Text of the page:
Nonmarital Pregnancy and the Timing of First Union Transition
Kimberly A. Daniels, National Center for Health Statistics (NCHS), CDC
Jonathan Vespa, US Census Bureau
Considering the importance of family context for children’s welfare, this study uses the most recent data to update research on the union transitions of women with premarital pregnancies. Using data from the 2002 and 2006–2010 National Survey of Family Growth, we examine patterns in the timing between first premarital conception and first union transition across 2 decades of pregnancy cohorts. As expected, an increasing number of women marry as the duration since conception increases across all cohorts. But, the transition is slower among women with more recent pregnancies. For example, in one third of pregnancies between 1980-84, where the mother was single at conception, has the mother married within 24 months of becoming pregnant. For pregnancies in 2000 or later, the figure is 17.8%. Transitions among mothers who were cohabiting at conception show similar trends. We plan to use multivariate models to explore how the pace and type of these union transitions has changed over time.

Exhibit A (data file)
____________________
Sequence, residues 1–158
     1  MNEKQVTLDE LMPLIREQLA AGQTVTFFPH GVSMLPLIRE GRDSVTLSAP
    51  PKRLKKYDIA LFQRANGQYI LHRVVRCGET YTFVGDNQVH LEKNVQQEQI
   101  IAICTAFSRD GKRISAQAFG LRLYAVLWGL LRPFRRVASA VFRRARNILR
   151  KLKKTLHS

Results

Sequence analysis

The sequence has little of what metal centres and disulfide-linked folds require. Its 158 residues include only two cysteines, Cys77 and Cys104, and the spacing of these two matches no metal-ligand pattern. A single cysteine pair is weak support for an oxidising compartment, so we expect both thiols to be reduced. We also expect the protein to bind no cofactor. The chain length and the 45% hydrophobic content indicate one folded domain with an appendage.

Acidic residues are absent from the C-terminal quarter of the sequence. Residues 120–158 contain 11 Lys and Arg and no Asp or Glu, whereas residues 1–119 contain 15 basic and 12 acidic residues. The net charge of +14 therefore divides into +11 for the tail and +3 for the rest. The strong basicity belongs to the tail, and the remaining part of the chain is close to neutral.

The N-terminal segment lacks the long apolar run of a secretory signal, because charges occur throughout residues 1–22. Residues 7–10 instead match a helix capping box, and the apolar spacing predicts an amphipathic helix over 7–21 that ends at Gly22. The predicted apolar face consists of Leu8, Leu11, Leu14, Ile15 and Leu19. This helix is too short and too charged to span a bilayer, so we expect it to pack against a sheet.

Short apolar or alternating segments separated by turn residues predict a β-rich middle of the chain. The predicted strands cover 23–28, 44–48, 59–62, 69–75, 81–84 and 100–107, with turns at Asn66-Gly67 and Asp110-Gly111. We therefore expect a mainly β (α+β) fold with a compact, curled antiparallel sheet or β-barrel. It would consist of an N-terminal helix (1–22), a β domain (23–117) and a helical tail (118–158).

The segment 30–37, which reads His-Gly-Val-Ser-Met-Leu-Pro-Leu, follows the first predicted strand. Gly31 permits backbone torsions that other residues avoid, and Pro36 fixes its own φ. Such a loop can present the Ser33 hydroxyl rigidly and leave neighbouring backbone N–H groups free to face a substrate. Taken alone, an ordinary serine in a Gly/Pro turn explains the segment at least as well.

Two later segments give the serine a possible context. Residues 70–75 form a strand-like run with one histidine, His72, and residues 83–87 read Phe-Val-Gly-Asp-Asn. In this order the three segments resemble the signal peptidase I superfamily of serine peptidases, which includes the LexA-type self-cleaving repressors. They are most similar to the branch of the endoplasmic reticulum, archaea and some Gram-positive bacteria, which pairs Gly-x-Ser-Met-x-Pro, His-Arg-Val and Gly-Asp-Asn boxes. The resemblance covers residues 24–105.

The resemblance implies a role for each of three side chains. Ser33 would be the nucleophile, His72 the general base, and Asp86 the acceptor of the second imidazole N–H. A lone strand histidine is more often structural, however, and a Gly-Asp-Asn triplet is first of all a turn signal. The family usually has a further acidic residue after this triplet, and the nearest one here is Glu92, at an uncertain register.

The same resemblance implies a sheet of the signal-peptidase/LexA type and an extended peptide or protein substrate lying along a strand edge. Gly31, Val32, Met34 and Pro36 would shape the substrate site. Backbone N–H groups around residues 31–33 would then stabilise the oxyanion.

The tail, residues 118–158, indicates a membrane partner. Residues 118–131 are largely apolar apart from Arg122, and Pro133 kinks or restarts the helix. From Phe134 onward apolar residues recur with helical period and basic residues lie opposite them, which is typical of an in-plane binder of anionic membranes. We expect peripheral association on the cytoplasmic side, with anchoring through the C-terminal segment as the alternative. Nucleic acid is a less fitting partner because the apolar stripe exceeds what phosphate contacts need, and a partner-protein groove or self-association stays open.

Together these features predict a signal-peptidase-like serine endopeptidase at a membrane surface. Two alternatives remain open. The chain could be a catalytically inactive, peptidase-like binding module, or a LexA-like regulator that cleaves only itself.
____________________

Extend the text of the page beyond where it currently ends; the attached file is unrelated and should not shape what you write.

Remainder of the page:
Presented in Session 199: Family and Union Instability in the U.S.